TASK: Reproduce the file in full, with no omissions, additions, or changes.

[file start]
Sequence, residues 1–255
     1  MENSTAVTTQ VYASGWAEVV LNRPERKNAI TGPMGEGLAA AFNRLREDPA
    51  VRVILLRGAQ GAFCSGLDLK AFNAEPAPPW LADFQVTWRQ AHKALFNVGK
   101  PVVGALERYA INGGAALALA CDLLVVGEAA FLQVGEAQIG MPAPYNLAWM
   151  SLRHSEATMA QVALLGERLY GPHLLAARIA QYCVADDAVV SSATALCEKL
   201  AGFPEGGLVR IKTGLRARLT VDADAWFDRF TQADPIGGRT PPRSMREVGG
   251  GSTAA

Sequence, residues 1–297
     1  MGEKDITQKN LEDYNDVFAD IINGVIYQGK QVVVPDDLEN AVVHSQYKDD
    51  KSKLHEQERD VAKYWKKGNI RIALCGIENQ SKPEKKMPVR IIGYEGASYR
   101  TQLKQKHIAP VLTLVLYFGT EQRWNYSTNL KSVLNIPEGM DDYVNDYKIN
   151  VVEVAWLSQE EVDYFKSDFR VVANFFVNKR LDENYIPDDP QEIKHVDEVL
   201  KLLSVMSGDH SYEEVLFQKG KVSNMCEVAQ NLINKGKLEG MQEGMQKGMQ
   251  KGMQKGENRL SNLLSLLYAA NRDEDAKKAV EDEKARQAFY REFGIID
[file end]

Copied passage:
Sequence, residues 1–255
     1  MENSTAVTTQ VYASGWAEVV LNRPERKNAI TGPMGEGLAA AFNRLREDPA
    51  VRVILLRGAQ GAFCSGLDLK AFNAEPAPPW LADFQVTWRQ AHKALFNVGK
   101  PVVGALERYA INGGAALALA CDLLVVGEAA FLQVGEAQIG MPAPYNLAWM
   151  SLRHSEATMA QVALLGERLY GPHLLAARIA QYCVADDAVV SSATALCEKL
   201  AGFPEGGLVR IKTGLRARLT VDADAWFDRF TQADPIGGRT PPRSMREVGG
   251  GSTAA

Sequence, residues 1–297
     1  MGEKDITQKN LEDYNDVFAD IINGVIYQGK QVVVPDDLEN AVVHSQYKDD
    51  KSKLHEQERD VAKYWKKGNI RIALCGIENQ SKPEKKMPVR IIGYEGASYR
   101  TQLKQKHIAP VLTLVLYFGT EQRWNYSTNL KSVLNIPEGM DDYVNDYKIN
   151  VVEVAWLSQE EVDYFKSDFR VVANFFVNKR LDENYIPDDP QEIKHVDEVL
   201  KLLSVMSGDH SYEEVLFQKG KVSNMCEVAQ NLINKGKLEG MQEGMQKGMQ
   251  KGMQKGENRL SNLLSLLYAA NRDEDAKKAV EDEKARQAFY REFGIID